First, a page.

}

If it is a new record we need to get a new ID for it. Redis provides several atomic methods, one of which is Incr. As you might guess, Incr increments an integer and returns the new value. If the key does not exist it is initialized to 0, incremented to 1, and returned. We're using 'global:nextCommentId' to store our global comment counter. We'll also set the CreatedAt timestamp to the seconds since the epoch.

Now, we've set the ID for this comment (if it is new), and we must save it to the database. We need to enter it in two places. First, the primary key:

// Store it by the primary key
client.Set(fmt.Sprintf("comment:id:%d", c.Id), []uint8(c.ToJson()))
if err != nil {
  return err
}

And, secondly, if it is a new record, we'll add it to the left-hand side of the list of comments for its page url.

if newRecord {
  // New record we should insert it into the page listing
  err := client.Lpush(fmt.Sprintf("comment:page_url:%s", c.PageUrl), bytes.NewBufferString(strconv.Itoa64(c.Id)).Bytes())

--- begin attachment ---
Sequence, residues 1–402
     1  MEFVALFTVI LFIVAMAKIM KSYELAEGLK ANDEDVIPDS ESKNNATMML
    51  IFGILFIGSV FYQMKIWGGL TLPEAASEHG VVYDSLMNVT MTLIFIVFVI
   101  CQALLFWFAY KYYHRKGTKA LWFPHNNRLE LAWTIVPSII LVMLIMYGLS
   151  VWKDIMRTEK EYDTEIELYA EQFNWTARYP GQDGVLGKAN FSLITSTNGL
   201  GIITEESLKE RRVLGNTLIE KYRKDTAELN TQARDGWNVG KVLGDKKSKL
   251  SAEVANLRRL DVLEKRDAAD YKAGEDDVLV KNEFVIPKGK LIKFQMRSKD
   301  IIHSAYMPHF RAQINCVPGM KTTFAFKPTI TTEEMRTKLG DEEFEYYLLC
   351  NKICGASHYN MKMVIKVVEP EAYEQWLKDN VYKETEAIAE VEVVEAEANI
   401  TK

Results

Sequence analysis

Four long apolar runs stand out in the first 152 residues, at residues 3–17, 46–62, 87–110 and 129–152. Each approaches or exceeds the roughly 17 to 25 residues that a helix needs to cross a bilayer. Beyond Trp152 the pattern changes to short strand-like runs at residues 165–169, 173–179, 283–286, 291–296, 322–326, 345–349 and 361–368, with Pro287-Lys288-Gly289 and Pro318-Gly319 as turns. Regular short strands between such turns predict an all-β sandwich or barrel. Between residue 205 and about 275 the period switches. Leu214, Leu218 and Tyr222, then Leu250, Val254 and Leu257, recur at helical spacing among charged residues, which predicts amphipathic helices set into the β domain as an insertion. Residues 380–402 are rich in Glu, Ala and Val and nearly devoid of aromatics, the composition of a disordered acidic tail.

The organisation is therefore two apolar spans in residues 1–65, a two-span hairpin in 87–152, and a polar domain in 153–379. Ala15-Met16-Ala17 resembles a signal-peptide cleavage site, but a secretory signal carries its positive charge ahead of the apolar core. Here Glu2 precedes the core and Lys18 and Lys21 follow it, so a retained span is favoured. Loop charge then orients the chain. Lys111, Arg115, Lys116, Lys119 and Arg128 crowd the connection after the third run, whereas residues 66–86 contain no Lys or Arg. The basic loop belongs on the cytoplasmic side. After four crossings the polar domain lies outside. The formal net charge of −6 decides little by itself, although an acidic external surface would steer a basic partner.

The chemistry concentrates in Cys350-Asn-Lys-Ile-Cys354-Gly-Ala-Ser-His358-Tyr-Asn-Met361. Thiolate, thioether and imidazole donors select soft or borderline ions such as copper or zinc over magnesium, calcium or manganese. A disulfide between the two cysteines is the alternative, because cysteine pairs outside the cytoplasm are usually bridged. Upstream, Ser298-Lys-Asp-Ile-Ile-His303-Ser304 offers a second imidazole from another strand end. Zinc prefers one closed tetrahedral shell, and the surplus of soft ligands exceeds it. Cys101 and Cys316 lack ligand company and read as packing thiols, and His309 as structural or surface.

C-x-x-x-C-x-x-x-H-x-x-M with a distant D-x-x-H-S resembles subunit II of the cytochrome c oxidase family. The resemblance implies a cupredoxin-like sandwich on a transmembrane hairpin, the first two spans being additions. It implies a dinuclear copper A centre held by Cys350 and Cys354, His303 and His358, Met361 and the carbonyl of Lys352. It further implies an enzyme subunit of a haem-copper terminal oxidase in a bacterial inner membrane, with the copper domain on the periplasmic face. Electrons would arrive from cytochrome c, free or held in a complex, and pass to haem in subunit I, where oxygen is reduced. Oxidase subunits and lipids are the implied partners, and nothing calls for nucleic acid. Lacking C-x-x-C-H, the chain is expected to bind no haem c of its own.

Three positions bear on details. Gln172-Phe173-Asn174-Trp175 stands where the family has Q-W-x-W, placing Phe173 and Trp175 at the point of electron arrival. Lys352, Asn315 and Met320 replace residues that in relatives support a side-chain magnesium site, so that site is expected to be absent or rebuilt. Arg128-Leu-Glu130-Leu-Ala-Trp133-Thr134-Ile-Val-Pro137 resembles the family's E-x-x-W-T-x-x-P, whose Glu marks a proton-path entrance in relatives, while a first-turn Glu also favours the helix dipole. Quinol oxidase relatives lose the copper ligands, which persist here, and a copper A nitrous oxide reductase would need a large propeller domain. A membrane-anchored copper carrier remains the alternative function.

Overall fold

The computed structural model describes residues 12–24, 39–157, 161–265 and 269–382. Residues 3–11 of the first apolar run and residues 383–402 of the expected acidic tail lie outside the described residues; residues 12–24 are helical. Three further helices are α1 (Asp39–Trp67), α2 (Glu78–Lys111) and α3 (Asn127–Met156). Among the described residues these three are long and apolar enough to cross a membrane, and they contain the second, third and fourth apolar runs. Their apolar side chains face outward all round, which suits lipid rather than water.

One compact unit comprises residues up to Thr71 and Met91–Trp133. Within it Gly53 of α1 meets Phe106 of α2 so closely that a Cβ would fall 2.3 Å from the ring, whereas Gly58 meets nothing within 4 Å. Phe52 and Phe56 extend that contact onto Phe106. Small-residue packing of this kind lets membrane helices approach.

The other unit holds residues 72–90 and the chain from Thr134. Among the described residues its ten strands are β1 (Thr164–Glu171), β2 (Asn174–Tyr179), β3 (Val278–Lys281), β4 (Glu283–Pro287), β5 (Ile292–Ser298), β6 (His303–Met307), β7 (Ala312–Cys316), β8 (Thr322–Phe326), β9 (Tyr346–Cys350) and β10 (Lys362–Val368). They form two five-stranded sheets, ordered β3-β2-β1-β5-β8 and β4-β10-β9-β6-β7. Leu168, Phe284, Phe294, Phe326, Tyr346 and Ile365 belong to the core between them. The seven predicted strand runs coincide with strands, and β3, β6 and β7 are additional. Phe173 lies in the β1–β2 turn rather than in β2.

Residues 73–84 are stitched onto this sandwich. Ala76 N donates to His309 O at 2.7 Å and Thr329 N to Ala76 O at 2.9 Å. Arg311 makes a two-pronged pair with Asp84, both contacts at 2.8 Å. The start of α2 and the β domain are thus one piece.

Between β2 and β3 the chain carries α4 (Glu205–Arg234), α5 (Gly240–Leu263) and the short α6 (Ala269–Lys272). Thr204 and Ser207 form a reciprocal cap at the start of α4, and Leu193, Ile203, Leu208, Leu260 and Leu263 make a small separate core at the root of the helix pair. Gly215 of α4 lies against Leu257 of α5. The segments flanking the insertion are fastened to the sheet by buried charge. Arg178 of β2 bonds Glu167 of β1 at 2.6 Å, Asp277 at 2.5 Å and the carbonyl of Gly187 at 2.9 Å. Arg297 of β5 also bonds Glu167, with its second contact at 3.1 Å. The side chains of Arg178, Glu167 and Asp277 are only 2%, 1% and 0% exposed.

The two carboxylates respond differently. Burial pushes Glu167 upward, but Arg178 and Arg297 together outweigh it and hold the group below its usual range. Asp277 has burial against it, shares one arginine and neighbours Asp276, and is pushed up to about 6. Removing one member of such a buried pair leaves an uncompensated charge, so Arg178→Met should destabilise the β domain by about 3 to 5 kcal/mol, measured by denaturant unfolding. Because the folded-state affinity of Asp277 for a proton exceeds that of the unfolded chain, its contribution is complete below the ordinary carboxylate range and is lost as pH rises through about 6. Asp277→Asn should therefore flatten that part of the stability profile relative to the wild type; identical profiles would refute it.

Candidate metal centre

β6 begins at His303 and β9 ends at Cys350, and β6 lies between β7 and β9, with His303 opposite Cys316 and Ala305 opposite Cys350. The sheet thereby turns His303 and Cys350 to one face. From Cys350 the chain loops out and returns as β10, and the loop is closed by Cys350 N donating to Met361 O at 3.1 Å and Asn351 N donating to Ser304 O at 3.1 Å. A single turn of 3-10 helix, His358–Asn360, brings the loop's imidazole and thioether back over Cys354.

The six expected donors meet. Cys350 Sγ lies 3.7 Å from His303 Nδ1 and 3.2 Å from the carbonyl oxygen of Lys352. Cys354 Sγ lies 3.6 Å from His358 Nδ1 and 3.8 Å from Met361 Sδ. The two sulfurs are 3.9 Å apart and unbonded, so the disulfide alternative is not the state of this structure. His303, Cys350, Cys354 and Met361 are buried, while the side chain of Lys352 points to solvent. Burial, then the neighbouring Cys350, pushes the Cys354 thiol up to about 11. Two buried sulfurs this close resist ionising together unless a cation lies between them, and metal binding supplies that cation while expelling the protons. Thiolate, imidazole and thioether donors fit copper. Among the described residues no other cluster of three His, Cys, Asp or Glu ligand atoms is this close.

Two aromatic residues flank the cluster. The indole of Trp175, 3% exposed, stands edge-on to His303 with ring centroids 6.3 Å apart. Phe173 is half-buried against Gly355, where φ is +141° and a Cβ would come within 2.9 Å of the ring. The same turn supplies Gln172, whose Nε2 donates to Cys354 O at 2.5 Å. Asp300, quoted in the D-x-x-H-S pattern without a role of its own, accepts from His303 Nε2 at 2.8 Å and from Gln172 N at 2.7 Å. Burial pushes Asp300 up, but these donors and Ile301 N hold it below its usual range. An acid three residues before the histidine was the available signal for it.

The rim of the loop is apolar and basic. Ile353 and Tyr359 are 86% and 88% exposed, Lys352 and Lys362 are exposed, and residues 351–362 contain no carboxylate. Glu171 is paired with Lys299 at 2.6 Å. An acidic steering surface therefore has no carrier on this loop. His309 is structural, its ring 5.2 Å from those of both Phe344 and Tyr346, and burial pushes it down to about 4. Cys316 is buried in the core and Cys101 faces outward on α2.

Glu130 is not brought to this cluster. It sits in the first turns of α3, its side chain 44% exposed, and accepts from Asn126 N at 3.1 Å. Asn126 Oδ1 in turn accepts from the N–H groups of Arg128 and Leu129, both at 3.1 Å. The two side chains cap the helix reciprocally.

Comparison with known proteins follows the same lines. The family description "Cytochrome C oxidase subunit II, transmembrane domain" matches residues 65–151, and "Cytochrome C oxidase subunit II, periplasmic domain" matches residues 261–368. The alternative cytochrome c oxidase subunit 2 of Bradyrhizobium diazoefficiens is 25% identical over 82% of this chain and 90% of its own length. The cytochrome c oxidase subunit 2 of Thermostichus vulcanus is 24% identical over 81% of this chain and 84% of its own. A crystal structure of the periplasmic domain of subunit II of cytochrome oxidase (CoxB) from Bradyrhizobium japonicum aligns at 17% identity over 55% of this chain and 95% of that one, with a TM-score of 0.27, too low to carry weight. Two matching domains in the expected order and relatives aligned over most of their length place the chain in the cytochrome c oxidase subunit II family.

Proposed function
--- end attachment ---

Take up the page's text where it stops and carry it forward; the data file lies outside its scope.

if err != nil {
    return err
  }
}

Done! Since everything happened according to plan and we haven't hit an error, we can return 'nil' for the error code.

return nil

Socket.io Server

We need us a socket.io server! We've got our server talking to the database, but it isn't talking to the world yet! I've included a third (and final) version of our server below. The major new section is our socket.io event handler methods. There is one for new connections. One for disconnections (which doesn't really do anything). And, one for when our server receives a message from the client.

package main

import (
  "json"
  "github.com/madari/go-socket.io"
  "github.com/hoisie/redis.go"
  "http"
  "log"
)

var client redis.Client

var sio *socketio.SocketIO

func socketIOConnectHandler(c *socketio.Conn) {